300,000 cucumbers have been produced on a single acre, but this is more than double the average crop.
The honey obtained from cucumber blossoms is pale yellow or amber, and has at first a rather strong flavor, suggestive of the fruit. In localities where there are pickle-factories beekeepers find the cucumber a valuable addition to the honey flora. Sufficient honey for wintering is often secured, besides a small surplus. In the absence of bees, cucumber blossoms, whether in the field or hothouse, remain barren. The stamens and pistils are in different flowers on the same vine, the staminate flowers being more abundant on the main stems, and the pistillate on the lateral branches. The former are sometimes incorrectly called “male” and the -latter “female” blossoms. The nectar is secreted at the bottom of a cup formed by the fusion of the floral leaves at base. In the staminate flowers this cup is covered by the fleshy expanded stamens, and access to the nectar is gained through three narrow lateral passages between the stamens. When an insect inserts its tongue in one of these passages both sides of its head are dusted with pollen. In the pistillate flowers, the pistil rises from the center of the cup. The staminate flowers are the larger and open first.
In order that the pistillate flower may be fruitful, pollen from the staminate flowers must be brought to the stigmas; and in the fields this work is chiefly performed by honeybees, other insects than bees being of little importance. A market-gardener in Manitoba states that during three years he was unable, without colonies of the domestic bee, to obtain more than a dozen cucumbers, and in the case of these exceptions the flowers were pollinated by hand. A colony of honeybees was bought, and subsequently the number of hives was increased to eleven, and that year cucumbers to the value of $55.00 were sold. “No bees, no fruit,” may be regarded as an axiom in cucumber-growing.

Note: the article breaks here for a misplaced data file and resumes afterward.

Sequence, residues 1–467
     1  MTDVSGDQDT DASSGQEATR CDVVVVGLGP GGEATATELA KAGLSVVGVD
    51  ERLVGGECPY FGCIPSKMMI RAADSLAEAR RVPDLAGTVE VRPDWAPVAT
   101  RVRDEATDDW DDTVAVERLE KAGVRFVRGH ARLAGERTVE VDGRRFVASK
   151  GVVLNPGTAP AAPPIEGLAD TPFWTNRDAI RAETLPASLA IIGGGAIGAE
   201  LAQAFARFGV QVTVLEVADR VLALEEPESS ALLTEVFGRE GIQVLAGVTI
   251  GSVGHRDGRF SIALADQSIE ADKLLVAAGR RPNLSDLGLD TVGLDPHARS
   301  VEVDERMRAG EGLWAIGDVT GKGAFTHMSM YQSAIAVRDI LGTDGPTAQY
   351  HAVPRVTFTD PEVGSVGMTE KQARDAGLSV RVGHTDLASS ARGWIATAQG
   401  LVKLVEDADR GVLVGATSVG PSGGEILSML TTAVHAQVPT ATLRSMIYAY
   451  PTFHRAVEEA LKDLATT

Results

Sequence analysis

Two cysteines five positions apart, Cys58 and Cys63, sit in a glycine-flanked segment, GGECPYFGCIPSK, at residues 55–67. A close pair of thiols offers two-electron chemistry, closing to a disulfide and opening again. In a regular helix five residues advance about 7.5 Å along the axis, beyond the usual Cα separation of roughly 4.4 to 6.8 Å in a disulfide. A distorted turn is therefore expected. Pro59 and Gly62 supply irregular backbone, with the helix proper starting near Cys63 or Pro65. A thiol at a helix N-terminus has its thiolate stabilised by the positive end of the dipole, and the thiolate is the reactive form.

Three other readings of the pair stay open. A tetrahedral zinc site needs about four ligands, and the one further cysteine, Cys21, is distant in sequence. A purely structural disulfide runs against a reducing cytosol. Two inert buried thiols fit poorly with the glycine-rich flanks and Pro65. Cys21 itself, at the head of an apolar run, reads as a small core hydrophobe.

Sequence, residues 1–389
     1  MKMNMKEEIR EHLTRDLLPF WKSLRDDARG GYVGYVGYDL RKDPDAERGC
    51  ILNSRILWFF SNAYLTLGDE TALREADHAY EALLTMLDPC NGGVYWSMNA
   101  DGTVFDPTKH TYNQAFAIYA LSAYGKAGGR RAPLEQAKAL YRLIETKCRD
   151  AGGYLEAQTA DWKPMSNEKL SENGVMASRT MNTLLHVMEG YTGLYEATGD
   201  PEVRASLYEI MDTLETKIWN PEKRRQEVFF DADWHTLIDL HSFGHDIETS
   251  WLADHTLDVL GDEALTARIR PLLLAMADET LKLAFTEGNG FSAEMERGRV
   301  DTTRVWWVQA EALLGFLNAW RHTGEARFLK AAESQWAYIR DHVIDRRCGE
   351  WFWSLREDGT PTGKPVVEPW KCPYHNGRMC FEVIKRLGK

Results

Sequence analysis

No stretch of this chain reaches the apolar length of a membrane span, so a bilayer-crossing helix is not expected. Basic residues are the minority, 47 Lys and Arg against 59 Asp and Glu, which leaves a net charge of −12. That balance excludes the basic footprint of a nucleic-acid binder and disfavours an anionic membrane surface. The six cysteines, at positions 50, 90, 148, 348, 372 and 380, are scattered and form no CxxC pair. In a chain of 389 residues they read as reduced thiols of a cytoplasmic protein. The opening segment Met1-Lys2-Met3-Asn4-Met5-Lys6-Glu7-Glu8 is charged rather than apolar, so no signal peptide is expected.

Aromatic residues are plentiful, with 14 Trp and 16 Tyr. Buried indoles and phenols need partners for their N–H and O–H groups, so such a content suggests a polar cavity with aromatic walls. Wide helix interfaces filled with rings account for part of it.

Cucumbers raised under glass must either be pollinated by hand or by hives of bees placed at each end of the hothouse. In Massachusetts cucumbers are grown very extensively in hothouses, and more than 2000 colonies of bees are required annually to pollinate the blossoms. A single grower is reported to have forty
Fig. 53. — American Cranberry (Vaccinium macrocarpon). Photographed by Lovell.